lover
"Lover" expresses a more selfless, optimistic and universal message of love than any of Swift's previous albums. (Illustration by Dorie Timan, Indiana University Purdue University Indianapolis)
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lover

Is it really all sunshine and rainbows?

Taylor Swift just released her seventh studio album, “Lover.” Coming off the heels of the vengeful, brash “Reputation,” “Lover” is a breath of fresh air for listeners, and probably for Swift herself considering the last few years she’s had. The first several singles from the album were accompanied by bright, technicolor music videos that posed a stark difference from the black and white palette of “Reputation.”

And the songs themselves are also quite different; they talk about bringing light and love to herself and others, rather than focusing on getting back at her enemies. But does the rest of “Lover” live up to that dream? And is it just a return to pre-“Reputation” era Swift?

The world collectively gasped back in 2017 when Swift uttered the now-famous words in “Look What You Made Me Do”: “I’m sorry, the old Taylor can’t come to the phone right now. Why? Oh, cause she’s dead.” But is she? If the snake’s transformation into a swarm of butterflies in the “ME!” music video is any indication, she was just hiding. And that’s not necessarily a bad thing.

The country-turned-pop icon’s previous albums were critically and commercially lauded, even earning her two Grammys for album of the year. “Reputation,” on the other hand, collected exactly zero Grammys (and only one nomination), and was largely considered to be one of her worst albums; as a weird mix of sentimental love songs and revenge anthems, it just didn’t feel very cohesive.

“Lover,” however, does everything “Reputation” could not. It doesn’t ignore her past feuds (they are mentioned directly only once, in the opening track, “I Forgot That You Existed”), but it doesn’t obsess over them either. Instead, love once again takes center stage in Swift’s music — this time, with longtime boyfriend (or maybe fiance?), actor Joe Alwyn.

But her love is not tainted with jealousy, infidelity and drama, as it was in albums like “Red” and “Taylor Swift.” During those album cycles, Swift was plagued with thoughts of all the ways she had been wronged in her relationships, sparking songs like “Picture to Burn” and “I Knew You Were Trouble.” The love she has now seems to be the most genuine Swift has ever experienced, forming the most honest, heartwarming record Swift has ever made, with songs like “It’s Nice To Have A Friend” and the title track, “Lover.” But she also acknowledges that nothing is ever perfect on songs like “False God.”

Some of the highlights, though, come in the form of songs that do not even revolve around romantic love. No matter how you feel about it (it’s … fine, in my opinion), “ME!” is a great ode to self-love. And “You Need To Calm Down” is really catchy and fun, despite its questionable intentions. “The Man” discusses sexism in Hollywood and how women should stop feeling bad for being mad about it.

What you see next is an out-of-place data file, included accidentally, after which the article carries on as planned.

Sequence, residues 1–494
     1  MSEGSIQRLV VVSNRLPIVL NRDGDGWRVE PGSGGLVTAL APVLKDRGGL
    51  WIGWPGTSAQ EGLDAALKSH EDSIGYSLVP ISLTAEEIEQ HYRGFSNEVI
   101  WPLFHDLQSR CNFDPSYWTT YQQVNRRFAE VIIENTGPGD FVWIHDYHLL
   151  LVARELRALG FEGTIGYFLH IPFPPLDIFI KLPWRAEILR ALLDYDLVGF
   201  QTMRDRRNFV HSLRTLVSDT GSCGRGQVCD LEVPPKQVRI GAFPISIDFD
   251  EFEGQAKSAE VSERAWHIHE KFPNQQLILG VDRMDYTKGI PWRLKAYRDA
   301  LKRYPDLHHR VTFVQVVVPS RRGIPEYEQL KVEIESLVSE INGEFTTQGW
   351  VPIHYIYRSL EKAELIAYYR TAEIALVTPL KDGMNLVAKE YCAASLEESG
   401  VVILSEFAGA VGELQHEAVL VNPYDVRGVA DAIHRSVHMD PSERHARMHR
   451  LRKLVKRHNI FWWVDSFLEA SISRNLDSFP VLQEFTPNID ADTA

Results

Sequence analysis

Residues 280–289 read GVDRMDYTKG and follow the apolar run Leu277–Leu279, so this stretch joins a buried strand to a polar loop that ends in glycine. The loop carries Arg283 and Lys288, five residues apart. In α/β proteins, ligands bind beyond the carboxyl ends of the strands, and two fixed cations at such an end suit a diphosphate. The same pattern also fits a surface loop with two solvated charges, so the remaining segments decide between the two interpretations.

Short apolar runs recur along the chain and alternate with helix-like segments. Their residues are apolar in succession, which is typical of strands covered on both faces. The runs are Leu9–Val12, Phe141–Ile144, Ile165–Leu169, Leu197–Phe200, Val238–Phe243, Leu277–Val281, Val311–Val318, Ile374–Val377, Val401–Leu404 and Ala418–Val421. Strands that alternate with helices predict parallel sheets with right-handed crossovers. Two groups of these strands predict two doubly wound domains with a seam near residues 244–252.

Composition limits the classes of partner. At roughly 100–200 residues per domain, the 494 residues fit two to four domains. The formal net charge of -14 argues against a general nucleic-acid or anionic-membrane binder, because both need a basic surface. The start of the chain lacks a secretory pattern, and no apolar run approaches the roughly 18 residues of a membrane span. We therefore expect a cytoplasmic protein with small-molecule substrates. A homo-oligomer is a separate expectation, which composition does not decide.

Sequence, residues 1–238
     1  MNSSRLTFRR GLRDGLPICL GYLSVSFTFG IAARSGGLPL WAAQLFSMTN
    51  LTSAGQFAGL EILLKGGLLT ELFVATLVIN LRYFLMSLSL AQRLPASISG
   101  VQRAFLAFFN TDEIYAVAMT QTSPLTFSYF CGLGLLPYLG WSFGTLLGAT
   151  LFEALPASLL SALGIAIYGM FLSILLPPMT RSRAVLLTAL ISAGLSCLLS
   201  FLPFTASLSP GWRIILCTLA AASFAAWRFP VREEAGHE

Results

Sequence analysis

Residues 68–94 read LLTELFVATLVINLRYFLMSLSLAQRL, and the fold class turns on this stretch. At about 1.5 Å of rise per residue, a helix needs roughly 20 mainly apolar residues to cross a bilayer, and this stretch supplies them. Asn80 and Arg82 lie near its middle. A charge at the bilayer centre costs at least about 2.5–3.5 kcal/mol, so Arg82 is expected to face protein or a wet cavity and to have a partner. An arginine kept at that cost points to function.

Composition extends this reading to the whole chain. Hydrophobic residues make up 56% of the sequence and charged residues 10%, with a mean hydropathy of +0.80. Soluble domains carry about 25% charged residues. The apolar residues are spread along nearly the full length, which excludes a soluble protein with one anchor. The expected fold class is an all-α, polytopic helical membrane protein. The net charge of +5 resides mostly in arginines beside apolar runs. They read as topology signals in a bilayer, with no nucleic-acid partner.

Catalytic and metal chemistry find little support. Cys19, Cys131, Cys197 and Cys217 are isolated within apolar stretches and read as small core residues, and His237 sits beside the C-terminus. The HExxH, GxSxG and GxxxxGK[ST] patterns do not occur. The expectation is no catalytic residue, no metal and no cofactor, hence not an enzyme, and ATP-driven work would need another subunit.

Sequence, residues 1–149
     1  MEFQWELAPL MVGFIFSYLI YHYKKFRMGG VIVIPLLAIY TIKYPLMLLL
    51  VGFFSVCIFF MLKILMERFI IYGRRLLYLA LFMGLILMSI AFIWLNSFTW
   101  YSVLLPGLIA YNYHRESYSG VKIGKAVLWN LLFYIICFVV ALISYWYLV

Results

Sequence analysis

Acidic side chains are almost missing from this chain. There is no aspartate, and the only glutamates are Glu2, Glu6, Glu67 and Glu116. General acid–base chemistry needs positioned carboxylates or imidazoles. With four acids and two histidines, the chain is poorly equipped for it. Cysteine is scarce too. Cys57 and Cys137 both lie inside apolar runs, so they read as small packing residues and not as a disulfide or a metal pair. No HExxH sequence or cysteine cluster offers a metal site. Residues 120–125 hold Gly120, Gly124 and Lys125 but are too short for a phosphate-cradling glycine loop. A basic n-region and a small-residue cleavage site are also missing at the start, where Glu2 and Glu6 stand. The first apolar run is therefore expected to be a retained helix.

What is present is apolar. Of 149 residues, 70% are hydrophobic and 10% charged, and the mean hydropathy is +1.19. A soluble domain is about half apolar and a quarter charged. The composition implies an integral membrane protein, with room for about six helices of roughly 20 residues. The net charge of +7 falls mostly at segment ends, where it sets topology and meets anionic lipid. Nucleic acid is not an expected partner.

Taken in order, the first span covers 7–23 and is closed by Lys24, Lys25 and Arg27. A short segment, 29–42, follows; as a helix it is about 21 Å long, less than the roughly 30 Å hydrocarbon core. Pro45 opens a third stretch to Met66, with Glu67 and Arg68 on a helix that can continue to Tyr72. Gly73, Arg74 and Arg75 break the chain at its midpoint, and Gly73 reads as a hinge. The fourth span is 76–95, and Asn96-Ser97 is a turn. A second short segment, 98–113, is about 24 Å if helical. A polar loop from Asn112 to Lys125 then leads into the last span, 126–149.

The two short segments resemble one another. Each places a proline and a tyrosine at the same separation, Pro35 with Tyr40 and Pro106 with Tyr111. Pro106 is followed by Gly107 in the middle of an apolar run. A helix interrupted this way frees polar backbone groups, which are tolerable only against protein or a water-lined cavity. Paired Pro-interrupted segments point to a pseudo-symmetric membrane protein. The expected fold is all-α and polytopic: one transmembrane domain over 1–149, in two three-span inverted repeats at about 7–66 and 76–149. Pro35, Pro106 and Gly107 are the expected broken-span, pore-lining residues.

And — in what I think is the most emotional song on the album — “Soon You’ll Get Better,” featuring the Dixie Chicks, masterfully portrays how it feels to watch a loved one struggle with a serious illness (Swift’s mother is currently battling cancer). Each of these songs has its own unique message that has nothing to do with who you fall in love with, but everything to do with other kinds of love.

The general theme of the album is love, with Swift herself stating at the end of the final song, “Daylight,” “I wanna be defined by the things that I love, not the things I hate, not the things I’m afraid of, the things that haunt me in the middle of the night. I just think that you are what you love.”

Unlike any of her past works, “Lover” is exactly what it claims to be, and exactly what Swift wanted it to be. It is the first album Swift has crafted that she owns completely, having been separated from toxic label executives and industry drama (goodbye, Scooter Braun), and it truly does feel like it’s all her, and all love.

So while the singer’s previous albums are great (I will stan “1989” forever) and “Lover” is quite similar to the style and sound of her albums before “Reputation,” it is definitely a distinct, beautiful album of its own. It is not a return to country, it is not a breakup album and it is not another “Screw all my haters! I’m better than you!” rant; it is something completely new, in a way.

If you brush past the rainbows and childlike façade of the art direction, you will find a true piece of art that touches on important and political subjects through deep lyrics and bubblegum pop. While Swift’s other albums have stayed relatively shallow, mostly just brushing on the topic of quickly-fleeting love and a few musical takedowns, “Lover” breaks the mold, reflecting her new, socially-conscious persona.

That being said, “Lover” is not Swift’s best album; in the eyes of critics, that continues to be “Fearless,” while in the eyes of the general public, “1989” will never go out of style. But it is certainly a phenomenal effort, and nowhere near the worst.

If I had to give it a title, I would say that “Lover” is Swift’s happiest album; that much is obvious from the colorful aesthetic that she’s chosen. There is no denying the joy bursting from Swift’s voice and the giddiness she exudes when talking about her true love. It is palpable and infectious. It is an invitation to let go of all those voices reminding us of what we’ve done wrong, of how we don’t measure up, and to find who or what makes us happy, in the way that Alwyn makes her happy. And I don’t know about you, but I intend to take her up on her offer.

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